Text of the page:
University accepts blame for imposter’s repeat intrusions

Nov. 1, 2022, 12:52 a.m.

Stanford acknowledged missteps in the ongoing saga of William Curry, the Alabama local who lived on campus for a year despite being repeatedly removed from dorms, in statements to The Daily.

The statements mark the first time the University has broken its silence after news broke five days ago that Curry was removed from campus and follows a Daily investigation revealing that University administrators and the Department of Public Safety (SUDPS) have been aware of Curry’s intrusions since at least December 2021 but failed to inform students about the danger presented by the 20-year-old.

“While Stanford University has protocols and policies in place to prevent non-students from entering and living in our residences, the unique aspects of this case and Mr. Curry’s persistence and ability to ingratiate himself with our student community has made it clear that gaps exist in those protocols,” wrote University spokesperson Dee Mostofi in a statement.

“We will immediately undertake a review to ensure our procedures do not allow for this type of incident to happen again,” Mostofi added.

Mostofi confirmed that Curry had been on campus since December of last year. As to how Curry had returned so many times, Mostofi confirmed that SUDPS had “obtained multiple stay-away letters” but were “unable to locate him until the most recent incident on Oct. 27, at which point he was given the letter.”

It was not immediately clear why deputies were unable to find Curry. University communications obtained by The Daily over the weekend show he was escorted multiple times from campus and an ex-girlfriend who was reportedly stalked for months after the fact by Curry told The Daily she had called 911 and told them Curry was in Crothers Hall weeks before he was ultimately removed.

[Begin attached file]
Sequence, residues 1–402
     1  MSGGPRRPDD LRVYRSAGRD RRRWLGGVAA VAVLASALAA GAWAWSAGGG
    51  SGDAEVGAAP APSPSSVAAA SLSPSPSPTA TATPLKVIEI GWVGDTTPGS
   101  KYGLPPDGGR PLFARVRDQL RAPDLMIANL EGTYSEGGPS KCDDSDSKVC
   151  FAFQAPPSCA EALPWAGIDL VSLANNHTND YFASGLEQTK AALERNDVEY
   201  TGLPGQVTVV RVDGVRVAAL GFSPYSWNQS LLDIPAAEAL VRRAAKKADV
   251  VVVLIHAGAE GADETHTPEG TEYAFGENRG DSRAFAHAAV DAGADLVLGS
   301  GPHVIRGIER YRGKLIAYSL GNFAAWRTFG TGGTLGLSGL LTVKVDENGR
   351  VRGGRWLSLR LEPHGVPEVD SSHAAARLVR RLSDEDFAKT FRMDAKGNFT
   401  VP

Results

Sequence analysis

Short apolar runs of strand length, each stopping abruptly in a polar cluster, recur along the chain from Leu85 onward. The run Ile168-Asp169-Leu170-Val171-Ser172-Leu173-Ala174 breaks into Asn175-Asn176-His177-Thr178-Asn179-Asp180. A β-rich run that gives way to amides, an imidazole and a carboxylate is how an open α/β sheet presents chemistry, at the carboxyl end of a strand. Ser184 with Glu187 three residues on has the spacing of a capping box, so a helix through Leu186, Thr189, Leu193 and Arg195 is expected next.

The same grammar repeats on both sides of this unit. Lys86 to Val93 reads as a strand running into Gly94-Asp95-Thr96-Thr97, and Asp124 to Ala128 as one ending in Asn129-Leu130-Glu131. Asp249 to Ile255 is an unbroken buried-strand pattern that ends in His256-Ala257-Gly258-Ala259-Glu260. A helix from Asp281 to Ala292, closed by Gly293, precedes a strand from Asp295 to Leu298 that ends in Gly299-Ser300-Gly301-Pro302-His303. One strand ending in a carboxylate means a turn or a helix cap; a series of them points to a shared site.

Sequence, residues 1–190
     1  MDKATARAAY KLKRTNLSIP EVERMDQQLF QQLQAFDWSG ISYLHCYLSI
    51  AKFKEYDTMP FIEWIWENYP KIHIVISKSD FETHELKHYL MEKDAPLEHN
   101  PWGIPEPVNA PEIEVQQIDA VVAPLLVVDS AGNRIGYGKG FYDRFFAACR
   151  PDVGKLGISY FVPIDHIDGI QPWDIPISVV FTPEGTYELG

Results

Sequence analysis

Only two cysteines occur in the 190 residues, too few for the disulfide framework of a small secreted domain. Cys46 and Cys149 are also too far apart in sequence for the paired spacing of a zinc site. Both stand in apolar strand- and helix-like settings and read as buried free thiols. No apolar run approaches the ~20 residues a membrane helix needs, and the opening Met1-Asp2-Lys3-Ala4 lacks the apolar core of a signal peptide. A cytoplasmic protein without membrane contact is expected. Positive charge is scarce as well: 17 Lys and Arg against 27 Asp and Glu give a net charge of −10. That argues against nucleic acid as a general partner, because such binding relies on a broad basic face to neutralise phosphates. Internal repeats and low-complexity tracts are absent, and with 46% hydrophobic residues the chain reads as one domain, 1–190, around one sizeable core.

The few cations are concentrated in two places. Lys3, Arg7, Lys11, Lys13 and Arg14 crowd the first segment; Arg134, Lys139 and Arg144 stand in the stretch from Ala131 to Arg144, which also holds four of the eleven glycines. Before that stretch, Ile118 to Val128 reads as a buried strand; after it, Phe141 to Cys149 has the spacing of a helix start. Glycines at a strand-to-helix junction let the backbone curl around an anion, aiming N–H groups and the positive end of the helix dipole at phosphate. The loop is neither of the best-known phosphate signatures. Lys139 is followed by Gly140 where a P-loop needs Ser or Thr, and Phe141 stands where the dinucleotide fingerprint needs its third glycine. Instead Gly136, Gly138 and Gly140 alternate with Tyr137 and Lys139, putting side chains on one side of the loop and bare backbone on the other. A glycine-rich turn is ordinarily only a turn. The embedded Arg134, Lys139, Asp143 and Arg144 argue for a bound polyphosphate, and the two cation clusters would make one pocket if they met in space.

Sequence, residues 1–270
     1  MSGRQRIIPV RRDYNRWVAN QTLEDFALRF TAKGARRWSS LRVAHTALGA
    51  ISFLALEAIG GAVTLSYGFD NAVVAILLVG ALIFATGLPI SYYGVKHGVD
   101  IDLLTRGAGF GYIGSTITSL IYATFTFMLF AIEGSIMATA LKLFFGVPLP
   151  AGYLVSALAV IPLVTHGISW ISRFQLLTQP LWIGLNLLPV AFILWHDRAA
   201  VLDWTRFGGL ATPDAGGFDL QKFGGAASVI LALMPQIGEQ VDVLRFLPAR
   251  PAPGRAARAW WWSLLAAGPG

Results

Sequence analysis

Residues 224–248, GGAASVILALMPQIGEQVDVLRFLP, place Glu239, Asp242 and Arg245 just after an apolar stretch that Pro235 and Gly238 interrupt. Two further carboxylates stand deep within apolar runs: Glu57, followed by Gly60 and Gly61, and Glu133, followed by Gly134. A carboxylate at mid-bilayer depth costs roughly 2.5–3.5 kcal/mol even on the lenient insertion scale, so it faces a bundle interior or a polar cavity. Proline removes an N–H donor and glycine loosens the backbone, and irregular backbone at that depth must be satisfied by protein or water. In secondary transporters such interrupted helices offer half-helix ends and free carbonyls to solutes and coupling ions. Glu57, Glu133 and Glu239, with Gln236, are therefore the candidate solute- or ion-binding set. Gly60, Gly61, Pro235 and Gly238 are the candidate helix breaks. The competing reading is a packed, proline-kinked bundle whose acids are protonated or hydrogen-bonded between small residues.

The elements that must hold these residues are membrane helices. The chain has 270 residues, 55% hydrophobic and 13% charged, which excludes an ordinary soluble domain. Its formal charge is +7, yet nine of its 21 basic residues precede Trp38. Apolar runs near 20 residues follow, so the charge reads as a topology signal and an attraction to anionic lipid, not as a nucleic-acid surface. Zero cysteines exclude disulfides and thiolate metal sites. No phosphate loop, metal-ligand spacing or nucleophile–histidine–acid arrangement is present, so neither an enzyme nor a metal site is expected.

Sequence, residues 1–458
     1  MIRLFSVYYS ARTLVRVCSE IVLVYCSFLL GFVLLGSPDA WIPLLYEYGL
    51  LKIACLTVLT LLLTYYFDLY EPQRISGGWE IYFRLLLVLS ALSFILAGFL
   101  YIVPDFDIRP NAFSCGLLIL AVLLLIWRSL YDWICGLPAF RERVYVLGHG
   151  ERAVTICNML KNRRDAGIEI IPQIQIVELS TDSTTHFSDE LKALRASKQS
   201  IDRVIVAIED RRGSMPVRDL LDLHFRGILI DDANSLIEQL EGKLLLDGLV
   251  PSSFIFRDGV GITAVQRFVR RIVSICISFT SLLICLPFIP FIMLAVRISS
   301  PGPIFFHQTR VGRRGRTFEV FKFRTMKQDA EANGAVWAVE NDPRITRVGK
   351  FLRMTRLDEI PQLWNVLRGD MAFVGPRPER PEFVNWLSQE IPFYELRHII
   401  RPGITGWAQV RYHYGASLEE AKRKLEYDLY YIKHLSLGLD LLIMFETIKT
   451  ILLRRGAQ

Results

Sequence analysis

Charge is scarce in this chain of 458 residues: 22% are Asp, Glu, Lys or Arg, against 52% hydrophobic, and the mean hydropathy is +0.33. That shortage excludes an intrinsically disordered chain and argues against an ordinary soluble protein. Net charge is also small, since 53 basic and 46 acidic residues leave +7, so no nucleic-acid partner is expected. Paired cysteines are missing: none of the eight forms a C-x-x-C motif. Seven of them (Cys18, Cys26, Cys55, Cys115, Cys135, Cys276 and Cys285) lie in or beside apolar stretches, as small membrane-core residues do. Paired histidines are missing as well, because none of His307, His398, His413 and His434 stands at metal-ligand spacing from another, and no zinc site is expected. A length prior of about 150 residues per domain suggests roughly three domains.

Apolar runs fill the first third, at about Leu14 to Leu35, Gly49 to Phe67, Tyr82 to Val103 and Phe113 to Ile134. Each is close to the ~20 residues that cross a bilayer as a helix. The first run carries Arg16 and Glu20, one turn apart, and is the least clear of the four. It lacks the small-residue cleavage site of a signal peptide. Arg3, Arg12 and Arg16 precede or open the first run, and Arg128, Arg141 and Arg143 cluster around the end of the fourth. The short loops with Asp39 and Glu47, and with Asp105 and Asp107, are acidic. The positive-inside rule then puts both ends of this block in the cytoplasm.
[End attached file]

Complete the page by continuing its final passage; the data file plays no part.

The Daily has reached out to Mostofi to ask whether the University would issue an apology to students and staff for the handling of the Curry case.

Curry himself also reacted to the story, though he declined to answer why he was on campus to begin with.

In direct messages over Instagram with a Daily reporter, he did not directly contest most of the facts of the investigation. Still, he accused The Daily of “milking the situation” and publishing “liable[sic].”

Curry previously declined The Daily’s request for a telephone interview before the publication of an article that included student allegations of Curry’s harassment toward students. He added, “I still have friends and people who know the actually true story,” but didn’t make clear where he disagreed with coverage of his removal from campus.

Curry also attacked the credibility of his reported ex-girlfriend, who provided extensive documentation to The Daily to back up her claims of stalking.

Five days after SUDPS issued a stay-away to Curry in Crothers Hall, details of the case continue to emerge. A resident assistant (RA) in Yost House, who spoke on the condition of anonymity because of a Residential Education policy against RAs speaking to reporters, confirmed what two former residents told The Daily: that Curry had lived in Yost in fall quarter of 2021. However, the RA said that he’d only stayed for a week or so, rather than the more extended period of time residents had provided The Daily previously.

And, despite comment from the University, it is still unclear who was responsible for the lapse in communication and security protocols.

Theo Baker is the Vol. 263 Spotlight Investigations Editor. A frosh from Washington, D.C., he is the youngest ever recipient of a George Polk Award. Contact tbaker 'at' Find him on Twitter @tab_delete.

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